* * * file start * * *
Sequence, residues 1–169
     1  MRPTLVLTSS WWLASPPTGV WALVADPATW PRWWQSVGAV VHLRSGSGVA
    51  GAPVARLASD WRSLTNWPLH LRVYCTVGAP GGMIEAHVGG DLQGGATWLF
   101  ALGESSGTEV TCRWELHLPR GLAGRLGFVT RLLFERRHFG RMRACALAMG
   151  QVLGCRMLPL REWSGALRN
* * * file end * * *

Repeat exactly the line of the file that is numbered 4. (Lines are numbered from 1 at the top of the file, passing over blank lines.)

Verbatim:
   101  ALGESSGTEV TCRWELHLPR GLAGRLGFVT RLLFERRHFG RMRACALAMG